What Would Allah Do?

Researchers ask Muslim teenagers whether Allah would save Jewish children, and the answer is often yes.
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A medallion showing Allah Jalla Jalaluhu in the Hagia Sophia, Istanbul, Turkey. (Photo: Wikimedia Commons)

A medallion showing Allah Jalla Jalaluhu in the Hagia Sophia, Istanbul, Turkey. (Photo: Wikimedia Commons)

People will always kill in the name of God, as they have for millennia—so goes the tired old refrain anyway. A new study of Muslim Palestinian teenagers suggests otherwise: Asked whether God would want to sacrifice even a single Muslim life to save multiple Jewish Israeli children, the teens often say "yes."

"Religious belief is often thought to motivate violence because it is said to promote norms that encourage tribalism and the devaluing of the lives of nonbelievers," write Jeremy Ginges, Hammad SheikhScott Atran, and Nichole Argo today in Proceedings of the National Academy of Sciences. "We find that whereas a large proportion of participants were more likely to endorse saving Palestinian children than saving Jewish Israeli children, this proportion decreased when thinking from the perspective of Allah."

"Our findings cast doubt on the notion that there is something special about religious faith ... that invariably favors promotion of violent intergroup conflict."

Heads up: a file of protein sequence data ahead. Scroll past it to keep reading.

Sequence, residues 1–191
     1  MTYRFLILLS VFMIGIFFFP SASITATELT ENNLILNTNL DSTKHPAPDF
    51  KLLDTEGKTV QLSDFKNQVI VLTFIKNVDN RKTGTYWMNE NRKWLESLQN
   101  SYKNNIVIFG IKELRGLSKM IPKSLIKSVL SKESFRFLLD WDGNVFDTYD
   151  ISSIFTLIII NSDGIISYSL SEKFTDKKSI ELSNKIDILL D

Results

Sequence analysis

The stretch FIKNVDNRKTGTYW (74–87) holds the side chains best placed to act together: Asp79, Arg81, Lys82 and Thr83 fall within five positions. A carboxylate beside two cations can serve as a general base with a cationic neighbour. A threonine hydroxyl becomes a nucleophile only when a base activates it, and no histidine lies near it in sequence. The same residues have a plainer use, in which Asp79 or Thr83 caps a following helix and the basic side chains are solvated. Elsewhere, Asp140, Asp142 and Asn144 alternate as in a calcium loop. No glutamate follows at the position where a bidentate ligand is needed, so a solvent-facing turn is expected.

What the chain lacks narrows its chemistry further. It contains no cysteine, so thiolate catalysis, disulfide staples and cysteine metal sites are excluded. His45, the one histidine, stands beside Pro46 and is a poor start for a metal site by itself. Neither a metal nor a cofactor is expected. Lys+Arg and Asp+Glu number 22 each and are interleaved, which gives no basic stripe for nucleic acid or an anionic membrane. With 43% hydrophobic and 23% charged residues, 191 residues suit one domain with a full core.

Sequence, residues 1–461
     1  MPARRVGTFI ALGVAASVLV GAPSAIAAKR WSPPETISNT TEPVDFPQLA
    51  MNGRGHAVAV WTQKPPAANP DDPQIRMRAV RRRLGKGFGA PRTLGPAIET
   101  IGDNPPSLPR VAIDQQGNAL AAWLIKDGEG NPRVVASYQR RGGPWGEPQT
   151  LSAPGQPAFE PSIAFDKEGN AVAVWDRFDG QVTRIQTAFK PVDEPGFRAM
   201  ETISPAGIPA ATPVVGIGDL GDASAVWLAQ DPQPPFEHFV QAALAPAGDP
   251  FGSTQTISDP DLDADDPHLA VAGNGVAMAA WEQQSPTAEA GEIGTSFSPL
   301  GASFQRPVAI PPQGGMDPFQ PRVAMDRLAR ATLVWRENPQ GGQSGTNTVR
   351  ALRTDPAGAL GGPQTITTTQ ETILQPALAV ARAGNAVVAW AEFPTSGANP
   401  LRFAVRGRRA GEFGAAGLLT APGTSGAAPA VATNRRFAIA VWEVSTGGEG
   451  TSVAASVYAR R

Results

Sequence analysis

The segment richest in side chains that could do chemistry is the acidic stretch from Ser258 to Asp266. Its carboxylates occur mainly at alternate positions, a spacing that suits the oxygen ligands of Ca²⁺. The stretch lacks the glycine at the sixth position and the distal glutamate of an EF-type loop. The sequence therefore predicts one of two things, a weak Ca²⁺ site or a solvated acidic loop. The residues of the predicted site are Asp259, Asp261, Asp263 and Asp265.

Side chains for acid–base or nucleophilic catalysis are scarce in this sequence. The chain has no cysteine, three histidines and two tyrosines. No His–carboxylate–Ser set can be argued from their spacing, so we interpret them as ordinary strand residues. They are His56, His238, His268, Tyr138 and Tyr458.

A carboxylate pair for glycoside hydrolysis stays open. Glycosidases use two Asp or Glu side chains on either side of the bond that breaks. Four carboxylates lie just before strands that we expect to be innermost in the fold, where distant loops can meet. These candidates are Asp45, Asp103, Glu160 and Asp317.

To hear Richard Dawkins, the late Christopher Hitchens, or Bill Maher talk about it, religion is basically a force for evil. To be sure, religion has been used to justify a whole lot of killing over the years, but that view is "complicated," Ginges and his coauthors write, by the fact that religion also motivated efforts that showed great respect for human life, such as the movement to end slavery in the United States. (Quakers, for example, were among the earliest abolitionists, though some were also prominent slave traders at one time.) But debating religion's relationship to violence, the researchers argue, "is unlikely to yield a clear answer."

Better to do an experiment, they figured, so they posed philosophical questions to 555 Muslim Palestinian kids between the ages of 12 and 18. Each question was a variation of the trolley problem. In the most dramatic version, a man named Hadi must decide whether to push "a very large Palestinian" off the bridge, likely killing him in order to stop the truck and save five children, who were identified as either Palestinian or Israeli. (This is, if you can believe it, a serious philosophical question known as the "fat man problem.") The researchers then asked their participants what they would do—and what they thought God would want.

Although a substantial minority of the Palestinian teens said they'd save Palestinian and not Israeli children, 55 percent showed no signs of bias—that is, they responded to the philosophical quandary the same regardless of whether the children were (implicitly) Muslims or Jews. And God? Two-thirds of the participants said God would want Hadi to do the same thing regardless of the endangered children's ethnic and religious identity.

"Humans will fight, kill, and die for a variety of abstract beliefs or entities, including national rights and ideological doctrines of many types," the team writes. "[O]ur findings cast doubt on the notion that there is something special about religious faith, including Islamic belief, that invariably favors promotion of violent intergroup conflict."

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